Bowel cancer screening still bottom of Australians’ concerns

Monday 22 June, 2015

63% of Victorians invited into the National Bowel Cancer Screening Program are not taking part


Despite having access to a free life-saving screening test for Australia’s second-biggest cancer killer, 63% of Victorians invited into the National Bowel Cancer Screening Program are still not taking part, according to the Australian Institute of Health and Welfare’s National Bowel Cancer Screening Program Monitoring Report 2013-14, released today.
 
“Thousands of Australians are missing out and putting themselves at risk by not making the easy choice to screen for bowel cancer,” said Cancer Council Victoria’s Screening Manager, Kate Broun.
 
Nationally, participation rates have increased from 33.4% in 2012-13 to 36% in 2013-14.
 
The increase in rates was mainly due to the second round of invitations to 55 and 60-year-olds who had participated in the program five years earlier with a re-participation rate of more than 70%.
 
“The very high participation rates of second-round screeners to the National Bowel Cancer Screening Program is a good sign that the test is simple and easy to do for people who are already familiar with the test,” said Ms Broun.
 
“But as the program continues to invite more Australians to the program*, GPs need to encourage their patients aged 50 and over to use the program’s faecal occult blood test (FOBT). GPs are the key to promoting this very reliable test as the first step for Australians to detect bowel cancer risk.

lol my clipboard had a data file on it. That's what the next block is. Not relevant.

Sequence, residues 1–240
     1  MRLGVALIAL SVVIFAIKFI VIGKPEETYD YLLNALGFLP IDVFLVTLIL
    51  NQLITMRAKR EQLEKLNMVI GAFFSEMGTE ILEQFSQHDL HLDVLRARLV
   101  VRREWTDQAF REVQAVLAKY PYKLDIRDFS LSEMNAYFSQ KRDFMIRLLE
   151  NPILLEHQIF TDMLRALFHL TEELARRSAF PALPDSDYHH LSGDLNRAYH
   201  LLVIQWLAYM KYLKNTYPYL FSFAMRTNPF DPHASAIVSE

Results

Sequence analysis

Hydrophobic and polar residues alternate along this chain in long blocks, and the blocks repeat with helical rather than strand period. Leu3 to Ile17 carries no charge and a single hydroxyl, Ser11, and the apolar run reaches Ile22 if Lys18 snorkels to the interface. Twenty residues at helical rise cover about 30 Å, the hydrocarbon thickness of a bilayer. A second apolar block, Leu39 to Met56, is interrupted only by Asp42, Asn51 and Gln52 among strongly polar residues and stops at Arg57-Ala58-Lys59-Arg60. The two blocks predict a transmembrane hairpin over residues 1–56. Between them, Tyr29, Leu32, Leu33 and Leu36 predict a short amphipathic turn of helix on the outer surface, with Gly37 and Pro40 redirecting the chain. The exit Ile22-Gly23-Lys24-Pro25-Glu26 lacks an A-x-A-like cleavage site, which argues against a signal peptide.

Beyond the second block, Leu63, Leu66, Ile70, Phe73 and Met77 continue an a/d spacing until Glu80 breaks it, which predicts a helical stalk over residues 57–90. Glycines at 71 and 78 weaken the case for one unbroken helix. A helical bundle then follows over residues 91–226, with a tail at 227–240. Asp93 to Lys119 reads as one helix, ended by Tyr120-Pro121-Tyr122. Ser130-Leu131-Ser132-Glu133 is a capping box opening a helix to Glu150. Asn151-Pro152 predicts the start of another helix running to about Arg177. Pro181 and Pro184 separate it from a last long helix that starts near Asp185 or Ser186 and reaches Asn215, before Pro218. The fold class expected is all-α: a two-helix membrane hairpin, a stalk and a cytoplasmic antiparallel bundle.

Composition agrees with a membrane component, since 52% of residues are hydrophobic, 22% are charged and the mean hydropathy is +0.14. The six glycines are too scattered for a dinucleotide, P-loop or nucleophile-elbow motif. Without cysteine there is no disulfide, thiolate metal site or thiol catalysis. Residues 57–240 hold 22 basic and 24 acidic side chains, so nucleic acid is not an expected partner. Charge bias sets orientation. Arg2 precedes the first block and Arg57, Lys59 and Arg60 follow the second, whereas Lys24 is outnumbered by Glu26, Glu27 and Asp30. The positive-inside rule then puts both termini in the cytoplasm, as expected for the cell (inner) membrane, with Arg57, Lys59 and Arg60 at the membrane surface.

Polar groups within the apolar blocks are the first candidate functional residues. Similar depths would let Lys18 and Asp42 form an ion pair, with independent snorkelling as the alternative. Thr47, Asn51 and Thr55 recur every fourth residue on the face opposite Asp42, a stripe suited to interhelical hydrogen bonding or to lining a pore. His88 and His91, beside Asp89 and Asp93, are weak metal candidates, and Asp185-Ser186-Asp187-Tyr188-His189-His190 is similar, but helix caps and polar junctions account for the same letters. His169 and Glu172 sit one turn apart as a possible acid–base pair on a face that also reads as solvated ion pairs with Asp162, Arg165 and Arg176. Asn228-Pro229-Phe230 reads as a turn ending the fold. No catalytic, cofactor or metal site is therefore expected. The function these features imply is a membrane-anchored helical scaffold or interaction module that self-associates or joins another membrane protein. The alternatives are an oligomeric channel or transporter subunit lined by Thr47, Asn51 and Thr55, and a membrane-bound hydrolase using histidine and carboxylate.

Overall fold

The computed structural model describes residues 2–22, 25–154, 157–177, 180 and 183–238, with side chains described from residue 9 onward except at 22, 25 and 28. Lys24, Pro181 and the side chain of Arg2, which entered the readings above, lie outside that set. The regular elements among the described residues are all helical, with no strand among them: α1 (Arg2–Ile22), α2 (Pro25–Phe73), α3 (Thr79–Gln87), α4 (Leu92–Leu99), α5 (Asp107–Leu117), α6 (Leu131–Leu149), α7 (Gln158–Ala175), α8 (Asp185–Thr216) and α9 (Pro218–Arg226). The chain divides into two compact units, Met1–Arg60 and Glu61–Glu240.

“While we’re encouraged that the program accurately detects 83% of cancers in the first round of screening, the report shows room for improvement in follow-up with a health care professional after a positive FOBT result.
 
“Low awareness of bowel cancer could be the reason participation in the program remains small,” said Ms Broun.
 
“Bowel cancer is responsible for more deaths than breast cancer, melanoma and leukaemia, yet somehow bowel cancer remains low on the concerns of Australians,” she said.
 
*If you turn 50, 55, 60, 65, 70 or 74 years old in 2015, you will receive in the mail the National Bowel Cancer Screening Program kit to complete. By 2020, everyone aged 50 to 74 will receive a kit every two years in the mail. 
 
For people aged over 50 and not yet eligible for the national program, you should still be screened for bowel cancer every two years. You should speak with your doctor, or can purchase a kit from the Cancer Council online at cancervic.org.au or by calling 13 11 20.
 
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63% of Victorians invited into the National Bowel Cancer Screening Program are not taking part.
Updated: 22 Jun, 2015